Some notes about what’s showing this week on Turner Classic Movies:
Ace in the Hole (Sunday, 8/26, 10:15 PM ET) — Based on Mark Evanier’s description, an extraordinarily jaded film directed by Billy Wilder about media manipulation of tragedy and disaster to reveal the worst of human nature. It’s also about someone trapped in a mine, so it’s timely as well, given Utah. Starring Kirk Douglas. Also on his day:
The Strange Love of Martha Ivers (Monday, 8/27, 4:00 AM ET) — I know I’ve seen this, but I don’t recall much about it but the mood. Douglas (in what’s reportedly his first role) plays Barbara Stanwyck’s drunk husband, and there’s lots of shadowy shots and guilty secrets, suitable to a noir. Very evocative about how the past is easily dug up, even unintentionally.
Hollywood Canteen (Tuesday, 8/28, 6:00 AM ET) — The Live Aid of its day, this 1944 film has a thin love story as an excuse to see bits from many Warner Bros. stars, all aimed at supporting our boys in the war. The plot revolves around a recuperating GI getting a date with his favorite Hollywood star, Joan Leslie. Although most of us today say “who?”, she’s warm and friendly and believable. A real time capsule.
Buster Keaton Day is Thursday, August 30. It starts with his mid-60s work, basically cameos, including in some beach movies. Then come the late 20s, not-very-good films. So wait until 8 PM, when the classics start.
Watch as many of these as you can, because they’re all amazing:
- Steamboat Bill, Jr. — The one where the side of the house falls on him. The plot is pointless but classic, involving the more “civilized” son trying to live up to his burly father’s expectations and win the daughter of a business rival. This movie was also what the first Mickey Mouse cartoon was based on. Just spend an hour watching one of the most astounding physical athletes ever doing what he did best: entertaining viewers.
- The General — When his train is stolen by Union soldiers, a Confederate soldier takes it back. Impressive chase scenes with locomotives (who would have thought of playing tag with real trains?), and I think this might be the one where Keaton broke his neck without knowing it. He’s standing under a water tower, and the flood knocks him down. Funny, but years later a physical revealed that he’d been injured and not even noticed. One of his best, and one of the best American films of all time.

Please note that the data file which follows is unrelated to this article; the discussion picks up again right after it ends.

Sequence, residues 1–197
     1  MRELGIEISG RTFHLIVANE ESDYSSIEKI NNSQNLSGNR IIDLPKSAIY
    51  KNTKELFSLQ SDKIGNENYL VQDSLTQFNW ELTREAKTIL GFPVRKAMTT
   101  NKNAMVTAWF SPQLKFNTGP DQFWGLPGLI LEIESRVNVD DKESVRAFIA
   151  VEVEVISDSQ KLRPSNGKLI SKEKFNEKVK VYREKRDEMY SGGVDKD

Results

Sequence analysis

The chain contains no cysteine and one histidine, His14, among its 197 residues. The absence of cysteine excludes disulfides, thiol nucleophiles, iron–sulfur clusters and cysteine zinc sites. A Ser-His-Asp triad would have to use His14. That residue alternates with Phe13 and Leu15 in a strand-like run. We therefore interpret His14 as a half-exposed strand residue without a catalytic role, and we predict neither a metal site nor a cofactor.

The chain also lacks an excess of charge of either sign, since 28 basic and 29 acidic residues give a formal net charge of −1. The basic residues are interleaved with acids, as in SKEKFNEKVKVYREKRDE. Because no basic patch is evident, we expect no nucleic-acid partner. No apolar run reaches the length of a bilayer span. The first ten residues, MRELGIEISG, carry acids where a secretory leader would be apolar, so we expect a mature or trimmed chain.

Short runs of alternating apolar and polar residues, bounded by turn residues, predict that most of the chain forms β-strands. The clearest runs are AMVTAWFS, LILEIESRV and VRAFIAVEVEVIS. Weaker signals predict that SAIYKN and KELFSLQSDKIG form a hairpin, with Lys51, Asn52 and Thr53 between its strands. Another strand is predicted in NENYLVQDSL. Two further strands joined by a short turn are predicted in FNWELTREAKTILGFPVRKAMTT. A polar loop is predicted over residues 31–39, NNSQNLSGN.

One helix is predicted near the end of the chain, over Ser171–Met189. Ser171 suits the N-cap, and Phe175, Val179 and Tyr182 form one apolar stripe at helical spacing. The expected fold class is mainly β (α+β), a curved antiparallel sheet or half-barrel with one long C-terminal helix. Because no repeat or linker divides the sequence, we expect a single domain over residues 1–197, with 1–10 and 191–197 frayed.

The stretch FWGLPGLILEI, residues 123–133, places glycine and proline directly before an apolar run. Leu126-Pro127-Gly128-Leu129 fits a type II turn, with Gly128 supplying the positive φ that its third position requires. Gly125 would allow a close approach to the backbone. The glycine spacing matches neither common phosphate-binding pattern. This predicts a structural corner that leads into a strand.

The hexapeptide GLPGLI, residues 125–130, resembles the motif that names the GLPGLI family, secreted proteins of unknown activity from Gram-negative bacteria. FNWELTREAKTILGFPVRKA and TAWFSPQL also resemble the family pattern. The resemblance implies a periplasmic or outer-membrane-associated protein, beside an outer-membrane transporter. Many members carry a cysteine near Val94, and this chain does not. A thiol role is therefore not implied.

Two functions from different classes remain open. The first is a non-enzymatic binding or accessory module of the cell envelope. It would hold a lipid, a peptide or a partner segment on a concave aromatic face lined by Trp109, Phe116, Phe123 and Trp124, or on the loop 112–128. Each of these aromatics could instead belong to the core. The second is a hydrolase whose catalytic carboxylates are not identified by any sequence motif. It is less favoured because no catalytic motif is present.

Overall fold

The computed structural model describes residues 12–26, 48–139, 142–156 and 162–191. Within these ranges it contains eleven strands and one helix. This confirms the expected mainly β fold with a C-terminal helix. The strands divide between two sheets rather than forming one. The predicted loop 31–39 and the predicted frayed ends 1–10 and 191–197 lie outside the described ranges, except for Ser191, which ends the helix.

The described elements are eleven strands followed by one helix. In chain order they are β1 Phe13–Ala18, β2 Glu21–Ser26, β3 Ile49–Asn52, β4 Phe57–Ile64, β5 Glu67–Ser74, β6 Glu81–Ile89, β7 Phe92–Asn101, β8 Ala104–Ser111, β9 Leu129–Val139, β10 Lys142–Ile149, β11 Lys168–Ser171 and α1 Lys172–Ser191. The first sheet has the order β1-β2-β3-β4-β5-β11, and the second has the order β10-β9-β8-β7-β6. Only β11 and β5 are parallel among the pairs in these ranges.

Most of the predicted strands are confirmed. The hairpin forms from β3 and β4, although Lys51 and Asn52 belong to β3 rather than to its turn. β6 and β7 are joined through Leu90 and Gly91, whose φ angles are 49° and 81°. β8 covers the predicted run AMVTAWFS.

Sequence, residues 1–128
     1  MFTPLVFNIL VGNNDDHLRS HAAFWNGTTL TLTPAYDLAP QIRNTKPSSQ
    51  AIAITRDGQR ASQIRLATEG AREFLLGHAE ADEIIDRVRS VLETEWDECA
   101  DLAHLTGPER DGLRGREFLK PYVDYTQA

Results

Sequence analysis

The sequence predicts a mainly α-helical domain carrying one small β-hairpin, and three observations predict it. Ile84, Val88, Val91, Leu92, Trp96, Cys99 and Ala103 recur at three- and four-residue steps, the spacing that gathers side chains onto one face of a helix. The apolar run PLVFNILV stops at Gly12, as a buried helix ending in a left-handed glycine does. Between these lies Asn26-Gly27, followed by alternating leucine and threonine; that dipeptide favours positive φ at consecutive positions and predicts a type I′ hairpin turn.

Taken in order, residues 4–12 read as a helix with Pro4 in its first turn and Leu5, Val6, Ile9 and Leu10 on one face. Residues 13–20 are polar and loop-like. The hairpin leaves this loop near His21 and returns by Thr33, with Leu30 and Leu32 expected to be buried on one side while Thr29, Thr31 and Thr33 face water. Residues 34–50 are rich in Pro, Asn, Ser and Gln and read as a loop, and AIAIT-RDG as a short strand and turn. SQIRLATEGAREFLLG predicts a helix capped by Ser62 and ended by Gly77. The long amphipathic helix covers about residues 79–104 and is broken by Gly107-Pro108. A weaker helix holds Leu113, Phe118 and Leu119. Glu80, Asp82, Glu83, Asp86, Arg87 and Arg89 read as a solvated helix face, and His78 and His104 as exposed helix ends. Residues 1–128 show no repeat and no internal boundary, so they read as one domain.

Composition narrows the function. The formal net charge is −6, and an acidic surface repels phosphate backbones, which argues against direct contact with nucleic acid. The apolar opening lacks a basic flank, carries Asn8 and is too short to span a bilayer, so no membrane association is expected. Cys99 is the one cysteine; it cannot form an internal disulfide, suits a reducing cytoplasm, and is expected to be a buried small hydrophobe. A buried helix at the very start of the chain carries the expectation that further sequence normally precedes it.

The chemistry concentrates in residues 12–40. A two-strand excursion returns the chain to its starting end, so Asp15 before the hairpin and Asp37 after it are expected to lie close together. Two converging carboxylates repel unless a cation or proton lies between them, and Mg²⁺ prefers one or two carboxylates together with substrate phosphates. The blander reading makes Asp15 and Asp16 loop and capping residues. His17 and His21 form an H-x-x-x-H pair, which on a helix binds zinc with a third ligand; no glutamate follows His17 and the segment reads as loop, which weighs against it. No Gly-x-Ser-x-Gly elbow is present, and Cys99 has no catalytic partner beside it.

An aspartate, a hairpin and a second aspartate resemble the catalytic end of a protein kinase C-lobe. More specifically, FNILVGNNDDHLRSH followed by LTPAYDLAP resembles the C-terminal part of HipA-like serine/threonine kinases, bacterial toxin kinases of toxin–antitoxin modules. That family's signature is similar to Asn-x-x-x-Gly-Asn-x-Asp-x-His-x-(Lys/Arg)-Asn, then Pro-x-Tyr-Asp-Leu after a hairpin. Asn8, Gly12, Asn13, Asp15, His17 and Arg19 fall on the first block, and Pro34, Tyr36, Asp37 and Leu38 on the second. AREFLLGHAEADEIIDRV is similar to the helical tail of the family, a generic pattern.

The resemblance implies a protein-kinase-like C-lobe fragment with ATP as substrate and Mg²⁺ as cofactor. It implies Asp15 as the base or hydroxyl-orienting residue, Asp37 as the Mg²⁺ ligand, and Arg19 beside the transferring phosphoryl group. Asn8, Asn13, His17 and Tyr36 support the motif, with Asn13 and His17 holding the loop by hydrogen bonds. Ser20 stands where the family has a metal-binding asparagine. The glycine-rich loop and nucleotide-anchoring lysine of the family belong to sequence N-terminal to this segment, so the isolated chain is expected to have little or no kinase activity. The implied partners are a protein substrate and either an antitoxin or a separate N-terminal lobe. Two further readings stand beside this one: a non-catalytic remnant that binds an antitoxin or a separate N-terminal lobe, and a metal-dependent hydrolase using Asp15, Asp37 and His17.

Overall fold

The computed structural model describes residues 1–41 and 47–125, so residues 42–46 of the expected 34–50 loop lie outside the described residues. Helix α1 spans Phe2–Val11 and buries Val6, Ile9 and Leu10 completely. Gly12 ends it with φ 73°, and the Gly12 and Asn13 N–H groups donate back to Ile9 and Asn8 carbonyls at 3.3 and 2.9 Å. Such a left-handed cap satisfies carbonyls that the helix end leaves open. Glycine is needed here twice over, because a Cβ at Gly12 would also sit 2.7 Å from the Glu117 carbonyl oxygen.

- College — To get the girl (Keaton believed in nice basic universal motivations), a geek tries to excel in athletics. I enjoy seeing how he tackles the different sports, even though the blackface scene is discomfiting today.
- The Navigator — Trapped with a girl on an abandoned ship, the two try to survive. More of a string of sketches than a full movie.
- Sherlock, Jr. — Fascinating in its metaphysics. An aspiring detective dreams himself into the film he’s projecting. The sequence where the backgrounds change as film splices is wonderful, and watch especially for the dive-through-a-window costume change. I found myself rewinding that several times to see how it was done.
- Our Hospitality — Keaton’s take on Romeo and Juliet as set against the Hatfield/McCoy feud. The woman’s played by his real-life then-wife, Natalie Talmadge, and the prologue baby by their child.
- The Balloonatic — A short in which Buster goes camping.
- The Blacksmith — Another early short, of most interest for me in showing the technology of the time.
- Cops — Perhaps his most famous short, which ends with every policeman in the city chasing him. He’s mistakenly thought to be a terrorist, you see. Hmm, maybe I do need to watch it again.
If you can’t watch them all, watch at least one. There’s a reason why these 80-year-old comedies are viewable over and over. Keaton was a genius.